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National Identity and Political Power

How Representation Breeds Patriotism

A girl with a Greek flag in Athens, March 2015. Alkis Konstantinidis / Reuters

Among liberal elites in the West, nationalism’s bad reputation is getting worse. They associate it with white supremacy, the newly restrictive immigration policies of many Western countries, the resurgence of economic protectionism, or the illiberal populism of U.S. President Donald Trump

But nationalism also has a positive side. National identities can encourage solidarity with fellow citizens and lead individuals to sacrifice personal gain for the common good. Patriotic individuals, for instance, are less likely to cheat on their taxes, and politicians with a strong commitment to a national cause are more focused on providing public goods—such as infrastructure, health care, and schooling—and less inclined to narrowly cater to their base. Especially for developing countries struggling with political integration, building a sense of national solidarity above and beyond ethnic or regional identities is crucial.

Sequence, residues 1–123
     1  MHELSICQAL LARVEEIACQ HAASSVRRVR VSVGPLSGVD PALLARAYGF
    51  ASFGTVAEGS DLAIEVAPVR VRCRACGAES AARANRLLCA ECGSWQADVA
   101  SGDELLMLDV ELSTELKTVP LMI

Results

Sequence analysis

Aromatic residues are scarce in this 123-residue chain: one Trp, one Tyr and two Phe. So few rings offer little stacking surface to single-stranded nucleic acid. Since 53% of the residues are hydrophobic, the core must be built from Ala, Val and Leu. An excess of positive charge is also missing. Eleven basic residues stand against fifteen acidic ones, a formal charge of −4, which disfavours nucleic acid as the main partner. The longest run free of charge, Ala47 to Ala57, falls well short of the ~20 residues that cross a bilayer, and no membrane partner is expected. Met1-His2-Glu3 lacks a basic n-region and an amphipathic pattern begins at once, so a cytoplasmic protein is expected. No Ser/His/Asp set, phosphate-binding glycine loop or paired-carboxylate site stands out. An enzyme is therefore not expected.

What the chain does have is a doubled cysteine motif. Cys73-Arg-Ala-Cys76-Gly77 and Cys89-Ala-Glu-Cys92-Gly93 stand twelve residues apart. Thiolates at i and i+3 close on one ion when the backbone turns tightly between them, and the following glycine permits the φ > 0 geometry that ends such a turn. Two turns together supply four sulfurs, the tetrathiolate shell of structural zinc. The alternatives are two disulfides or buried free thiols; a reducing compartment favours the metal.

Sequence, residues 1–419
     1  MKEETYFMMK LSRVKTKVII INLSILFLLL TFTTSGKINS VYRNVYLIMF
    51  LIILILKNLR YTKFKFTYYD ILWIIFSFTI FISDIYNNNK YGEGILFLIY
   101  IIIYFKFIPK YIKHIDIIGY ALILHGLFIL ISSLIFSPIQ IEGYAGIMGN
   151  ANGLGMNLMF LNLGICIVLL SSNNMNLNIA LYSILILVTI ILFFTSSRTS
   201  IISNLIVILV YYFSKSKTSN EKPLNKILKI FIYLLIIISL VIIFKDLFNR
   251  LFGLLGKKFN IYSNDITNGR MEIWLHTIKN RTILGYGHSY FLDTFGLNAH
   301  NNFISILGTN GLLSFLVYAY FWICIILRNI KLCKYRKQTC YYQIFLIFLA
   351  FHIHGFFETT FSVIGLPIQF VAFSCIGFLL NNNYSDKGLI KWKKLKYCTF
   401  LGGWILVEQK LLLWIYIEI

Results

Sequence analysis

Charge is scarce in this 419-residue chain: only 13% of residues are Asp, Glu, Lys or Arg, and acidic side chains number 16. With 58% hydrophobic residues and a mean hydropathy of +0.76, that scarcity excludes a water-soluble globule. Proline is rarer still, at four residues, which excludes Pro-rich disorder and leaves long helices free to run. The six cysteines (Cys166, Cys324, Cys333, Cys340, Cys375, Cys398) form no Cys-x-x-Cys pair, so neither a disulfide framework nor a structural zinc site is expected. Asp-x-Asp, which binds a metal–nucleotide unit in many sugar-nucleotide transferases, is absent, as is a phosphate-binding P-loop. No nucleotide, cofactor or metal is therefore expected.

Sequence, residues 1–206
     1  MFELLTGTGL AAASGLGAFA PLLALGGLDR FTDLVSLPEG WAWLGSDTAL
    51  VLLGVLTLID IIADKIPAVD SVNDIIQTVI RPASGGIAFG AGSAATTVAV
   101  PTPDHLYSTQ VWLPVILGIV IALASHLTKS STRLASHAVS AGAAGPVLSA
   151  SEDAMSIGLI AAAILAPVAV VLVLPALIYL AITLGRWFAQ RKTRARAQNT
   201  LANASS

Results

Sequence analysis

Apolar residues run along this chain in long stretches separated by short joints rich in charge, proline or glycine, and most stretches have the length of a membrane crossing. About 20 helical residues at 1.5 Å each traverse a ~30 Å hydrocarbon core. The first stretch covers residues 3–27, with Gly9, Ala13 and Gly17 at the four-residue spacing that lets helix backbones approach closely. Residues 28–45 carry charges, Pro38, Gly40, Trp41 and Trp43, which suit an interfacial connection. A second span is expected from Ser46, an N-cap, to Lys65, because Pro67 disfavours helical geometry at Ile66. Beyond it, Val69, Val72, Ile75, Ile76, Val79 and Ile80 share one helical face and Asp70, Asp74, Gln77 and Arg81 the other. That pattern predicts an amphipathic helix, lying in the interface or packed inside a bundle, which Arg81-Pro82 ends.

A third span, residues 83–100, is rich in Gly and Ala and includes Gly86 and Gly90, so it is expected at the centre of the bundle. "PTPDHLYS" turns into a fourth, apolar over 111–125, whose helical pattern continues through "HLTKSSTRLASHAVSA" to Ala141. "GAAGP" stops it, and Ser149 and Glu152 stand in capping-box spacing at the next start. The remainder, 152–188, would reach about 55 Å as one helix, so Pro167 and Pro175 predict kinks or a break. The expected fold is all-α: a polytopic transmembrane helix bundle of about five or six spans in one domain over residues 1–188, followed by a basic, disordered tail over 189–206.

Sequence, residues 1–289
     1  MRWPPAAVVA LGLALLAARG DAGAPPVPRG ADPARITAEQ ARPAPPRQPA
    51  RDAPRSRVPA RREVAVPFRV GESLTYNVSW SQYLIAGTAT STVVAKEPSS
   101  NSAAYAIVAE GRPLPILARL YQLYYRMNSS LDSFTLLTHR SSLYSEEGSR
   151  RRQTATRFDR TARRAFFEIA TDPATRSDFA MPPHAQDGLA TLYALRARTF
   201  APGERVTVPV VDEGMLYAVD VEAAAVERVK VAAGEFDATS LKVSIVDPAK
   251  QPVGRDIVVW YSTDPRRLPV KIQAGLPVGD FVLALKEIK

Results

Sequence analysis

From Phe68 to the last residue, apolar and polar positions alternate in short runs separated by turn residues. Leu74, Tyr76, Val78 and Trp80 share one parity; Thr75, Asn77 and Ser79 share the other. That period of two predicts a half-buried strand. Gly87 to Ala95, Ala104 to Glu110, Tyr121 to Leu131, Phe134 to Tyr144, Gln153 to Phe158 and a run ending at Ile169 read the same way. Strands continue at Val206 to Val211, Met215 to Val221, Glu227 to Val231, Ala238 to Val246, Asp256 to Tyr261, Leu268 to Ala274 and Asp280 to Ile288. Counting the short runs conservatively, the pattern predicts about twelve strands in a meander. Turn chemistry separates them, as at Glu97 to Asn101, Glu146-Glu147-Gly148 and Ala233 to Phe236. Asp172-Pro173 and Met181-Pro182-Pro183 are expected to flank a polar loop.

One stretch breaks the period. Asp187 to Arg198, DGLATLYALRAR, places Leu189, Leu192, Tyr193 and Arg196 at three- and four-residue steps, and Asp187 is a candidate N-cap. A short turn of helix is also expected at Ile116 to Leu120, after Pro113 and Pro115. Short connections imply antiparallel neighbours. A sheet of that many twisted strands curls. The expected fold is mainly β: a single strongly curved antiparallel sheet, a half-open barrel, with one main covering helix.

An important question for both academics and policymakers, therefore, is why citizens develop

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